The restaurant business has much deeper roots than simply providing tasty foods and exceptional customer experiences. Managing a restaurant requires tackling numerous tasks, continuously meeting customer demands, and smoothly running a fast-paced business. There’s a lot we don’t see on the surface, such as coordinating the operations, controlling costs, financial reporting, troubleshooting, recruiting and training supply chain management, monitoring quality, ensuring compliance and maintaining safety and health regulations, and more.
There’s a lot at play if you want to manage your restaurant effectively, and we’ve got just the tips to keep your restaurant business running smoothly. Here are some worthwhile restaurant management tips that encourage out of the box thinking, and propose innovative solutions to age-old problems:
1. Create an Experience
People tend to dine out or order takeaway because of the experience. While the quality and presentation of the food matter, they too are just components of the overall experience. Standardize an experience, make sure all orders are prepared within the stated time, with fresh ingredients, and are presented accordingly. Observe touchpoints from start to finish and then standardize them to create the ultimate experience.
2. Offer Fewer Items on The Menu with Superior Quality
Offering multiple edible options that are not exceptional in taste or quality does more harm to your restaurant business than good. Instead, focus more on reducing your menu items and emphasize more or taste and quality. Less saves you money, and also gives you more control over your supplies, reduces waste, and makes it easier to train new staff.
3. Be Dedicated All Day and Every Day
Any business that meddles with fresh ingredients can’t afford to slack off. Similarly, in the restaurant business, you need to monitor and evaluate everything, every single day. While it might sound taxing, the help of software and system makes it a lot easy. For the rest of the tasks, such as supply management, and food testing – train your employees to prioritize results.
4. Be The Social Restaurant
The only thing better than taking reservations on the phone is taking them online. Social media can do wonders for a restaurant business, but you need to think beyond the traditional touchpoints. Social media is no longer just about advertising or responding, it’s about building a presence. Set up your social in a way that people can inquire about dietary restrictions, customize tables, make reservations, and more.
5. Focus on a Unique Selling Point (USP)
It’s better to have a speciality in the restaurant business that makes you stand out from your competitors. It could be your brand image, of serving safe and healthy food, your presence on social media, your value for money deals, your chef’s special, or something else entirely. Find out what are your strong points and work on making them your restaurant’s unique selling proposition.
6. Promote Your Restaurant’s Mission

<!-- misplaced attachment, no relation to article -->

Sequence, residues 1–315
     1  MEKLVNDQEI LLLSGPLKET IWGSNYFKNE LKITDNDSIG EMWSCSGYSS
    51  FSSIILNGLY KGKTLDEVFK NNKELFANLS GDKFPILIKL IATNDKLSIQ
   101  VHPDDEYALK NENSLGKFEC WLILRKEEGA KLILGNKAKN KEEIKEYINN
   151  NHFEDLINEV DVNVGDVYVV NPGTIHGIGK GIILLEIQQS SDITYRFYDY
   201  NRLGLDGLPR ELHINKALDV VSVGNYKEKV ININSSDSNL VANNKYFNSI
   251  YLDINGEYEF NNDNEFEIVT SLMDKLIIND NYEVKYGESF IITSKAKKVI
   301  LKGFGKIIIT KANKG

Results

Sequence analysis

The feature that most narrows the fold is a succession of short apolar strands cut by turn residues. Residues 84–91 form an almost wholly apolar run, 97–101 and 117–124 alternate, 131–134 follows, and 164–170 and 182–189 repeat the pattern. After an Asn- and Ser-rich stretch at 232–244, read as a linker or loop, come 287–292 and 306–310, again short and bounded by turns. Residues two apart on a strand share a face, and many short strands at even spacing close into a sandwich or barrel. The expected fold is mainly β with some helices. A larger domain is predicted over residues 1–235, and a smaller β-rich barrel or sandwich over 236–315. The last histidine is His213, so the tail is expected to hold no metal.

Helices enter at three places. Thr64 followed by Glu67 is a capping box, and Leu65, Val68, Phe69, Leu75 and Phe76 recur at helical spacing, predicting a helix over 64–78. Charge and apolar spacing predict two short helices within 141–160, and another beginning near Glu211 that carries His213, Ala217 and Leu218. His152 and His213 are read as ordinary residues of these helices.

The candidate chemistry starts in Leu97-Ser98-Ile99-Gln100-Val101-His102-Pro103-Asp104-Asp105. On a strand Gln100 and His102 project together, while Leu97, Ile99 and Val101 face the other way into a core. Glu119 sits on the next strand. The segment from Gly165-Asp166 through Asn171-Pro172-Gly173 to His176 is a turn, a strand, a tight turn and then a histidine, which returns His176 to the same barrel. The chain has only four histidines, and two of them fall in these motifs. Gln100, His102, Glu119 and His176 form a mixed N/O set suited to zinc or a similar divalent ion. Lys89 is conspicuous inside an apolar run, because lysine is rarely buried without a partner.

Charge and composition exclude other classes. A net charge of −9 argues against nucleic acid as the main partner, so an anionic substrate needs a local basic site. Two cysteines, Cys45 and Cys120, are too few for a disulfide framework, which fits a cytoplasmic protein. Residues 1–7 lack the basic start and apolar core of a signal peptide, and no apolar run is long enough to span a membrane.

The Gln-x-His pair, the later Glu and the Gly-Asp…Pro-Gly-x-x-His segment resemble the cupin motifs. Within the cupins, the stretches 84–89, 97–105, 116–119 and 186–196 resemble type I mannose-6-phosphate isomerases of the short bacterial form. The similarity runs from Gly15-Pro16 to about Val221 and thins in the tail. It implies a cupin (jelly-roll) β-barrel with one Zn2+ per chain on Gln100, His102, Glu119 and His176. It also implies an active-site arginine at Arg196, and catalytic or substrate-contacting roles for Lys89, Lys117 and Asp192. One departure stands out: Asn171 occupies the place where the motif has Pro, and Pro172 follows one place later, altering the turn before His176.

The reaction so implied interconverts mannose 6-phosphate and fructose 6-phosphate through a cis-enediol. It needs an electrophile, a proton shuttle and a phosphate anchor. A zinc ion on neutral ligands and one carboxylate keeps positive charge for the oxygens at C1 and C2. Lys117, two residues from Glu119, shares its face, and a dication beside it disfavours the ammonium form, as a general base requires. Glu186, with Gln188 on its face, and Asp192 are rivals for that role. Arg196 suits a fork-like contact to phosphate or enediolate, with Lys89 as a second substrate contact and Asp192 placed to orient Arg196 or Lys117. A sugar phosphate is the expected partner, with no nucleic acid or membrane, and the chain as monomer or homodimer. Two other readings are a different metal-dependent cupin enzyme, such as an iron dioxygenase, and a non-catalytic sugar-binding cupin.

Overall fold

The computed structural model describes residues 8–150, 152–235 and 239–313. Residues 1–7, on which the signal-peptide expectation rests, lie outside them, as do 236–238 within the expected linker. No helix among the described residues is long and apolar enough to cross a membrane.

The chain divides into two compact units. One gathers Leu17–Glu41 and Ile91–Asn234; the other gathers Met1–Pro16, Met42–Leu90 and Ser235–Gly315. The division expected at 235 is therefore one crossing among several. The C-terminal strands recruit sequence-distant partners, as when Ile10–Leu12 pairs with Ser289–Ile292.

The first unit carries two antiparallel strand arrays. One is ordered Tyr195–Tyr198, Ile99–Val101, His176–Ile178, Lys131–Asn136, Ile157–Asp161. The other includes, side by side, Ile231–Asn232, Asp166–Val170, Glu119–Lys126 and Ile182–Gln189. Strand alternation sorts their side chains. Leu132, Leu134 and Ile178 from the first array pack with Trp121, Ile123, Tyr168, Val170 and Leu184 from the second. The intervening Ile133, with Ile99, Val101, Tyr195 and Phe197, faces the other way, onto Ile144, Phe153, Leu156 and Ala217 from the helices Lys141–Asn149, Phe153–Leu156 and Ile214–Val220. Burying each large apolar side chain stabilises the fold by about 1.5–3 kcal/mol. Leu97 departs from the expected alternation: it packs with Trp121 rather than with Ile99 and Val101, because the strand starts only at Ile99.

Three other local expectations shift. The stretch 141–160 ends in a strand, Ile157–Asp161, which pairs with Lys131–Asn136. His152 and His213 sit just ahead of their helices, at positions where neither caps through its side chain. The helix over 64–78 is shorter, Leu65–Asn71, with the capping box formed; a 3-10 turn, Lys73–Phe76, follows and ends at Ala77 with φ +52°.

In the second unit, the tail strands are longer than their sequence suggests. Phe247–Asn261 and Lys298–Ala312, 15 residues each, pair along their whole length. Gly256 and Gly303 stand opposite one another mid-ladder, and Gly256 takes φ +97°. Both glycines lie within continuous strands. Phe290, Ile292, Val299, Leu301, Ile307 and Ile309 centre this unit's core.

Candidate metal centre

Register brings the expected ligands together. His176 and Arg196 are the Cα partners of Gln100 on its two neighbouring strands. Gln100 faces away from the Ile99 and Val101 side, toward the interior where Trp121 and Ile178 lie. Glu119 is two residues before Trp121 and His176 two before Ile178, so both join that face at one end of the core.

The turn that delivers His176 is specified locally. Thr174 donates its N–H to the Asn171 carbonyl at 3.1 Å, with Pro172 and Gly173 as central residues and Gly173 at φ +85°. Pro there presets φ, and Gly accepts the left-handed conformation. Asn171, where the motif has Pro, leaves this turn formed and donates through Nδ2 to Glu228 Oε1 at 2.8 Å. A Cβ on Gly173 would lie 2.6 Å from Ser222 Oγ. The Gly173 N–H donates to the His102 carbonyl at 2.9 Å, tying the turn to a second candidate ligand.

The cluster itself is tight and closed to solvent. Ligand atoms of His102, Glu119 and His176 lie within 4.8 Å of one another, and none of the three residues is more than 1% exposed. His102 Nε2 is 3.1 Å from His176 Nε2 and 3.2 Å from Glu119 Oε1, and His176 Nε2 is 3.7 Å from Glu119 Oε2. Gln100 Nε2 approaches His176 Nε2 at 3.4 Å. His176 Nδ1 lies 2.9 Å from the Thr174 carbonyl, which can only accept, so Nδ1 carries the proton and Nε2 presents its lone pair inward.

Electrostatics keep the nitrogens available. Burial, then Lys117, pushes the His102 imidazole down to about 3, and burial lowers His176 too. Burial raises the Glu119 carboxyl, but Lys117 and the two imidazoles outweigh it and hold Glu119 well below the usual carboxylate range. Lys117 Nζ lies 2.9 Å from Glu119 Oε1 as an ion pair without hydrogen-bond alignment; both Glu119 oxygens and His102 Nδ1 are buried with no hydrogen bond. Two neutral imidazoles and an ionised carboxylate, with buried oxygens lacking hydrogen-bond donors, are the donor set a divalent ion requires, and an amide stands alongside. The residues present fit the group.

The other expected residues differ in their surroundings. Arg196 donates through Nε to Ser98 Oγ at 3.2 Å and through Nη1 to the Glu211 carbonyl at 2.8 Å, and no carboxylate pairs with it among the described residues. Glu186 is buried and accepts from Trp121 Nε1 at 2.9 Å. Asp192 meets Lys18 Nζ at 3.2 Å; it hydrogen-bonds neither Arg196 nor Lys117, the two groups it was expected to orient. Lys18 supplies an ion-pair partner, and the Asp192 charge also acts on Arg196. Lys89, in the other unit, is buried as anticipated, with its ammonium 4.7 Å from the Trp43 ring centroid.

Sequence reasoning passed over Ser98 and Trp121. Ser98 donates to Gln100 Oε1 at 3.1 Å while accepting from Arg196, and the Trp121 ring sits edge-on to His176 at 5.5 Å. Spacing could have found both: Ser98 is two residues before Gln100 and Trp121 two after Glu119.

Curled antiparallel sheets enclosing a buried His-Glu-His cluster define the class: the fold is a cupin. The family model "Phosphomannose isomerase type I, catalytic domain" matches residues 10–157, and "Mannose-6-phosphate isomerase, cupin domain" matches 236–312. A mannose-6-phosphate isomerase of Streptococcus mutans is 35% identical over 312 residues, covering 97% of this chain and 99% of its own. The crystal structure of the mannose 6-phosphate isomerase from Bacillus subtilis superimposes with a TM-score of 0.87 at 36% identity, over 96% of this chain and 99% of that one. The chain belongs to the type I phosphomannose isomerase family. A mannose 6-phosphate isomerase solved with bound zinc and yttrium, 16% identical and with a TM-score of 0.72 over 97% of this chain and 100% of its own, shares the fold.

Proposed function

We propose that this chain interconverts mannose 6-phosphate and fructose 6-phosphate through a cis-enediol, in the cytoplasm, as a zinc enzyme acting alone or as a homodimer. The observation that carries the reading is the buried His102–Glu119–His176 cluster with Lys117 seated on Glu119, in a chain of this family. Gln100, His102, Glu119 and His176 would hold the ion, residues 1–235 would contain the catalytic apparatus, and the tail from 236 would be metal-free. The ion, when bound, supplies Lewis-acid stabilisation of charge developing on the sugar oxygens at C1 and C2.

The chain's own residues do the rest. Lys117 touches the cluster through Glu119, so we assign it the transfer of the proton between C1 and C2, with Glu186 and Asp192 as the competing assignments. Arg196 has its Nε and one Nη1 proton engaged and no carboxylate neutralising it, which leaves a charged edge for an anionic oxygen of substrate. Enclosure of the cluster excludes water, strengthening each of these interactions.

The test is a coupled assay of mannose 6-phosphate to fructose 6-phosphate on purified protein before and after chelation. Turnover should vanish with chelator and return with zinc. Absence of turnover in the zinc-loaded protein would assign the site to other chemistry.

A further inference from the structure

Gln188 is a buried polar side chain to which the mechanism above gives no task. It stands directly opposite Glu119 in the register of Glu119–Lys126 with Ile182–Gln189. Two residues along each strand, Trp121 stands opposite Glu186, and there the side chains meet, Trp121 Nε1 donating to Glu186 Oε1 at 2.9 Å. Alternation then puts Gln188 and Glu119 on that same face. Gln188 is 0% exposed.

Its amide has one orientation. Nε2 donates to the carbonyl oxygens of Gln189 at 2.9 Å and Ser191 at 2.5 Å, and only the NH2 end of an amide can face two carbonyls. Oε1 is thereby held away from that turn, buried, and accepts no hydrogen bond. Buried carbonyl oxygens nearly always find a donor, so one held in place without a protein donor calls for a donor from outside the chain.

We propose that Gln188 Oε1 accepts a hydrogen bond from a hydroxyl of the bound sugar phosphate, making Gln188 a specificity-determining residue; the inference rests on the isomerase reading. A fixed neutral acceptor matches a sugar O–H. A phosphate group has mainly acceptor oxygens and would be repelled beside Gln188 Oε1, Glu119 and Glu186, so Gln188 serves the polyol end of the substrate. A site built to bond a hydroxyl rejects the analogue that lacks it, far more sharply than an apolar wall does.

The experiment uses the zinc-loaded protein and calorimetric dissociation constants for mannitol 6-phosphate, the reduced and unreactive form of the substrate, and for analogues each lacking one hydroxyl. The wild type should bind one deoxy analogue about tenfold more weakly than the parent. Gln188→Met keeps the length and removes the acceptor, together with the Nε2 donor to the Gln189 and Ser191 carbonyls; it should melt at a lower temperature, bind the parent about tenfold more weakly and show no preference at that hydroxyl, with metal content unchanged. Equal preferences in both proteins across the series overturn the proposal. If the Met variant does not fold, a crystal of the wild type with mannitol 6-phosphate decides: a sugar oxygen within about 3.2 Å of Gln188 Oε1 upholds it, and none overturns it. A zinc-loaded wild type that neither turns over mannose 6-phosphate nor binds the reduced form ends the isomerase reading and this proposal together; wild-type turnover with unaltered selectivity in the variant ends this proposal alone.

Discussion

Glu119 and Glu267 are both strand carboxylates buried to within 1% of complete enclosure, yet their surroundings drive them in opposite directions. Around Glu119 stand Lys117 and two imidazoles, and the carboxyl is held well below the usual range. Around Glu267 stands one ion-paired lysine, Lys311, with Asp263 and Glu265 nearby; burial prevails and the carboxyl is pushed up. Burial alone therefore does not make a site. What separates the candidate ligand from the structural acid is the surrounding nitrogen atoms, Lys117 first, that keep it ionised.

A restaurant isn’t made in a day, it’s the result of a motive, investment, and a mission statement that brings it into existence. As a part of the management, you need to install a system that is constantly governed by those initial values. Teach the employees of your restaurant’s mission, make them feel part of something bigger, and let that mission be consistent with how you operate daily.
7. Be the Organized Restaurant
Customers’ talk and feedback travel fast, any comments about incorrect orders, lack of arrangements, or training will be quick to travel. Create a proper checklist to promote responsibility and stay organized for waiters and chefs alike. This can include hygiene steps before cooking or after closing time, or greeting customers and serving food. Never assume your staff already knows, remind them daily with an automated checklist, and review it periodically.
8. Standardize Your Hiring and Onboarding Process
Finding the right talent and making them a part of your business is quite a time-consuming process and one that isn’t to be taken lightly. Instead of hiring whoever fits the bare-minimum requirements, create a criterion that ensures that people right for the job will get the job. Offering competitive wages has always been a standard, and it’s time the criteria of the talent pool, hiring and onboarding become standardized too.
9. Plan for Profitability
There’s nothing wrong with maximizing your profit margins where possible. If your reviews and customers aren’t showing progress, it’s time to rethink your strategy. Take customer data into consideration and actual costs, find patterns that don’t provide a return on your investment, and perform this analysis monthly rather than annually. Cut unnecessary costs, and automate where possible.
10. Constantly Revisit the Basics
A common problem with the restaurant business is that they’re too quick to focus on growth over sustainability. Don’t fall into the trap that has led many restaurants to their demise. Constantly revisit your core operations, fundamental decisions, and touchpoints with your customers. Find ways to improve, and remove hurdles and create a plan focused more on sustainability and growth.